On a serious note, Stein and his film’s producers explained that the mud that people are flinging at him is just one small example of what happens to people who question Darwinian orthodoxy.
Ah, right on cue. Mud-slinging usually involves slander, which is saying things that are unkind and untrue. The criticisms of the Expelled movie, however, are not untrue, they are documented reports of actual misconduct and dishonesty by the producers and host. Jesus said, “By their fruits you shall know them,” but apparently that’s not the case if they’re crafty enough to pull the “only Darwinists say bad things about my fruit” ploy. The voice of the prophetic watchdog, who rebukes believers for their sins, has apparently been silenced in today’s Christian church. Gullibility and tribalism reign.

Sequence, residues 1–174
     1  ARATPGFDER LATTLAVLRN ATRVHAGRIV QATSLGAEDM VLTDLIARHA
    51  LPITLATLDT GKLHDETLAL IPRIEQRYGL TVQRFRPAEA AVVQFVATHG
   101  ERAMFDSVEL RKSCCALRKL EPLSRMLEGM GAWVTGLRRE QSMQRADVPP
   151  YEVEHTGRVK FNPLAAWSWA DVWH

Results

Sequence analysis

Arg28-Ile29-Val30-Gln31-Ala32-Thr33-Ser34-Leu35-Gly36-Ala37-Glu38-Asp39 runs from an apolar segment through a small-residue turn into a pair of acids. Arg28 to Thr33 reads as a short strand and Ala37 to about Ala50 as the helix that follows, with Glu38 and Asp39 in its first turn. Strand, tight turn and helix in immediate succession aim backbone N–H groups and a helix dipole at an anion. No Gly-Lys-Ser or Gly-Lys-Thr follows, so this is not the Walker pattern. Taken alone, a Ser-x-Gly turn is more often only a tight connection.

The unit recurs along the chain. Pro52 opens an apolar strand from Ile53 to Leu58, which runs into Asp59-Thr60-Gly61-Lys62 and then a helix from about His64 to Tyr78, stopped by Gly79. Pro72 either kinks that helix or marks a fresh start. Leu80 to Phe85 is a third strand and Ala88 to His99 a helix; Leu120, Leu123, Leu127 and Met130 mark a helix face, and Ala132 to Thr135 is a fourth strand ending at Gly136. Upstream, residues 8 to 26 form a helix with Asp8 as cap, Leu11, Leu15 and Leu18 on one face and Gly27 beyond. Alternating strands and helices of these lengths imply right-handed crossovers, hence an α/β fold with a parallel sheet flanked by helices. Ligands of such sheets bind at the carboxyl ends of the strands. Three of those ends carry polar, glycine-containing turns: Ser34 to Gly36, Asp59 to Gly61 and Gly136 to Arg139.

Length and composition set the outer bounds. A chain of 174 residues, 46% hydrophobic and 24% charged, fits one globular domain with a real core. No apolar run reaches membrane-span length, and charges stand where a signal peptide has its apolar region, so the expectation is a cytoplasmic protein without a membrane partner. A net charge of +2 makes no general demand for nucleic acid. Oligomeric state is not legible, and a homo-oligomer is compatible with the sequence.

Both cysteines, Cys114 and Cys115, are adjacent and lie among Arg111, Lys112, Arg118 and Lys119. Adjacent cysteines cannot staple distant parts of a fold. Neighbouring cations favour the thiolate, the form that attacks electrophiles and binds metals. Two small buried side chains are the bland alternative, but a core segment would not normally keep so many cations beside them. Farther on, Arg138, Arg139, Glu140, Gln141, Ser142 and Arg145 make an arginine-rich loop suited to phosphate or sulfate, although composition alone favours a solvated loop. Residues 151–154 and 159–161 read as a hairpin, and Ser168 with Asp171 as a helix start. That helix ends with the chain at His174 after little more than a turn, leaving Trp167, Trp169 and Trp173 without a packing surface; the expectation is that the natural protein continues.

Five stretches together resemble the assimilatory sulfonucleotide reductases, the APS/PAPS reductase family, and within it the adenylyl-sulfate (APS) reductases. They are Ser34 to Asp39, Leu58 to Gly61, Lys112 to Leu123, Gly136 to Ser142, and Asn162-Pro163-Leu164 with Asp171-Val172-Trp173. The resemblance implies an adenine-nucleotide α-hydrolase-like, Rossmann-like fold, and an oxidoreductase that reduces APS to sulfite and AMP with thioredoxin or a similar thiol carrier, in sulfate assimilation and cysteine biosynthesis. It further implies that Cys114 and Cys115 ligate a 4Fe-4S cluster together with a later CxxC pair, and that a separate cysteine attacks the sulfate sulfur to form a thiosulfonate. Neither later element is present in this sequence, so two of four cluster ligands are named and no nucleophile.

Myth #4: Popular author and atheist Richard Dawkins tells Ben Stein in this film that there could have been a designer of life on earth, but it would have had to have been “a higher intelligence” that had itself evolved “to a very high level . . . and seeded some form of life on this planet.”
Well, actually . . . that one is not a myth. He really did say it—striking admission, though it is.
And out of context, though it is. Here is Richard Dawkins’ re-telling of the incident, with the omitted details re-included: